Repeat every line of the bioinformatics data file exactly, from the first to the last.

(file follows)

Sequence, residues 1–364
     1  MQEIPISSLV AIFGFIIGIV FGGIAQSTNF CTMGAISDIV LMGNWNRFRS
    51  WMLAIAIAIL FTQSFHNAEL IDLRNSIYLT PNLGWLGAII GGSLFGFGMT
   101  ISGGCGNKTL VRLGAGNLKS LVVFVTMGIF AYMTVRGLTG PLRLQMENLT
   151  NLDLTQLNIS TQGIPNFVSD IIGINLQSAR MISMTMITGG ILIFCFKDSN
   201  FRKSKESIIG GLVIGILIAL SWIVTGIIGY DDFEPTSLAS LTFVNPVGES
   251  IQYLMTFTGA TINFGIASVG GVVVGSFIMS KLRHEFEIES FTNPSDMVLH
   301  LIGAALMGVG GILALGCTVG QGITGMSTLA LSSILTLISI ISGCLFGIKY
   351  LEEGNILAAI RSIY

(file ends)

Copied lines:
Sequence, residues 1–364
     1  MQEIPISSLV AIFGFIIGIV FGGIAQSTNF CTMGAISDIV LMGNWNRFRS
    51  WMLAIAIAIL FTQSFHNAEL IDLRNSIYLT PNLGWLGAII GGSLFGFGMT
   101  ISGGCGNKTL VRLGAGNLKS LVVFVTMGIF AYMTVRGLTG PLRLQMENLT
   151  NLDLTQLNIS TQGIPNFVSD IIGINLQSAR MISMTMITGG ILIFCFKDSN
   201  FRKSKESIIG GLVIGILIAL SWIVTGIIGY DDFEPTSLAS LTFVNPVGES
   251  IQYLMTFTGA TINFGIASVG GVVVGSFIMS KLRHEFEIES FTNPSDMVLH
   301  LIGAALMGVG GILALGCTVG QGITGMSTLA LSSILTLISI ISGCLFGIKY
   351  LEEGNILAAI RSIY